International robotics researchers have developed an Urban Search And Rescue (USAR) system that uses a ‘steerable’ live cockroach to transport a miniaturized machine learning-enabled infrared survivor detection system through otherwise unnavigable disaster scenarios.
The hybrid rescue system features a machine learning model for human detection that was trained on infrared (IR) images, and powers the mobile IR detection system, which can operate autonomously as necessary, reporting found survivors back to a base operating station.
Limited Local Resources
The machine learning framework is required to operate on extraordinarily slim resources: only 191.8kB of static RAM and 1988kB of Flash memory are left for the system from the general power requirements for the device, which must also provide the electrical stimulus for the insect.
The three functional blocks of the cockroach’s backpack, pictured above, include wireless stimulation, a primary controller unit and peripheral components, with the IR-derived machine learning system and the navigation functionality embedded into the primary controller unit. The rig’s circuit has been split into several components in order to better fit the geometry of the cockroach.
The Madagascar cockroach (among the largest species in the world, with a maximum load capacity of 15g) is controlled by small electrical shocks that steer it in one direction or another, implemented by four electrodes implanted into the creature’s antennae (cerci), and into its abdomen. The electrodes are secured with beeswax.
Adding AI To Insect Search And Rescue
The new initiative develops prior work from UC Berkeley and Singapore’s Nanyang Technological University, which first conceived of using steerable beetles in USAR scenarios.
Though beetles have the added ability of flight, their load capacity is subsequently reduced, lowering the potential capabilities of onboard technologies, and bringing power consumption demands to a critical level, particularly in a case where it’s necessary to run a machine learning algorithm.
The motion of the cockroach is directed by the integrated navigation system, and guides the ‘biobot’ to a predetermined destination without any knowledge of the intervening obstacles. For the most part, the cockroach’s own formidable navigational skills solve most of the problems in arriving at an otherwise unreachable location.
The onboard infrared system captures images at 1hz, operating successfully in dark areas, and wirelessly reporting any located survivors to a command center in real time. To conserve energy, the image analysis system only begins operating if triggered by a positive infrared reading.
The model occupies a mere 18.3kB of Flash memory and 52.2kB of static RAM, achieving a computation time of 95 milliseconds. Reasonable processing time is essential in a USAR scenario, since distant infrared signatures could otherwise be missed in the processing interval as the cockroach changes direction and traverses terrain.
The system also features sensors to monitor temperature, humidity and CO2, in order to report local conditions for a possible rescue attempt, and to allow the control center to steer the creature away from any situation that would endanger it.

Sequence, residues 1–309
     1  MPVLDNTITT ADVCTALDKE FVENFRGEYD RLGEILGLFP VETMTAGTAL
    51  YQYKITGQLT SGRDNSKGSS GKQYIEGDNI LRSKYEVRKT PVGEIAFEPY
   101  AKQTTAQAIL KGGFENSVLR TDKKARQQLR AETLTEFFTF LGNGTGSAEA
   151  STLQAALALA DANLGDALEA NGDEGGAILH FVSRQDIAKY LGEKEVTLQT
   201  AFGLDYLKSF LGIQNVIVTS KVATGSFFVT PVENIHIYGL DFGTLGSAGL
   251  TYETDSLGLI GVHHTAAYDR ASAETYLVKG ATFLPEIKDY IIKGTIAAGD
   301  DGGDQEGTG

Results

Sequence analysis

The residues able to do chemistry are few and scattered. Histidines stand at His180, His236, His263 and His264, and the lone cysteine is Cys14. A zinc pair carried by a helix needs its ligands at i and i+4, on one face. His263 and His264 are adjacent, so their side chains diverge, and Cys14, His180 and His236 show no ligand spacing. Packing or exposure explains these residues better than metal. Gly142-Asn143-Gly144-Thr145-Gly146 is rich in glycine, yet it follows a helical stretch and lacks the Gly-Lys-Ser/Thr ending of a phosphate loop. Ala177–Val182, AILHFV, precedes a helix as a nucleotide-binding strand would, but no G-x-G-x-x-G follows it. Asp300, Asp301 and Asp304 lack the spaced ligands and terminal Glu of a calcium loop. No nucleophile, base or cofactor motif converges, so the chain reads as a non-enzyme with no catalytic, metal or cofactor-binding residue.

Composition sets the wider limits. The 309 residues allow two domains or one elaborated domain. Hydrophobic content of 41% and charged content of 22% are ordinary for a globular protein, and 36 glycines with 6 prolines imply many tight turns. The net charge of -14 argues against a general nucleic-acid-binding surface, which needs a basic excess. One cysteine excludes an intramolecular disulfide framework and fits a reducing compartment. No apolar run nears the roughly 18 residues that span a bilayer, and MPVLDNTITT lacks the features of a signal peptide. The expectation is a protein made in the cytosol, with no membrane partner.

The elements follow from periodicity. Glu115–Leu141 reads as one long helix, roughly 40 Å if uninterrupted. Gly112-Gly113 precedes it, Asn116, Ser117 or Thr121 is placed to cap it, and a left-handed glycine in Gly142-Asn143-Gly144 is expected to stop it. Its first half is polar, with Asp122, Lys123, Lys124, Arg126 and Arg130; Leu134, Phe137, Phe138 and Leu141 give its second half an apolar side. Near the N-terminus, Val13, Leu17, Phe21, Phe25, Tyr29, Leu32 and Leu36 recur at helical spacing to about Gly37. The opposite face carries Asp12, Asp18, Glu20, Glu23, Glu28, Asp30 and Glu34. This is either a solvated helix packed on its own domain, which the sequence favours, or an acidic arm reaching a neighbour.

Testing In Simulated Terrains
The system was tested in a simulated disaster scenario (image above), with effective obstacle negotiation, except in certain particularly challenging configurations involving vertiginous climbs, since the cockroach is at a weight disadvantage due to the attached equipment.
The navigation architecture initially had a tendency to get stuck at overwhelming obstacles, such as situations where even the cockroach could proceed no further, and the researchers subsequently developed a predictive feedback navigation system to improve performance in the face of tall obstacles. The system was able to achieve a 100% success rate in environments with no or low obstacles, and a higher success rate with tall obstacles.
Where failure did occur, the researchers conclude that this could be remediated by increasing the duration of the experiment, though this logically has implications in a time-critical USAR scenario.
The onboard infrared camera has modest specifications, operating at 32×32 pixels with a 90-degree field of view. The images, when triggered, are passed through a median denoising filter.
The system achieves an 87% success rate in distinguishing human subjects from other types of thermal signature, rising to 90% when in a proximity radius of 0.5m and 1.5m.
Due to energy and chip-size constraints, the initial study does not feature an onboard localization system, and thus it’s not possible to track the position of the cockroach in real time. The researchers suggest that dead reckoning could be implemented as a power-saving solution, with low-energy location signals relayed back to the control center, in future implementations.
Insects As Search And Rescue Operators
The last ten years have brought a spate of research projects seeking to utilize the resilience and navigational power of insects to create hybrid or pure robotic systems for search and rescue scenarios. Besides the 2016 beetle-related work which precedes this latest initiative, there have been a number of attempts to recreate insectoid capabilities in purely robotic form.
These include a 2019 research project from UoC which offered an ergonomically simple robot based on the principles of a cockroach, one of the first projects of its kind to address the extreme fragility of robotics insects.
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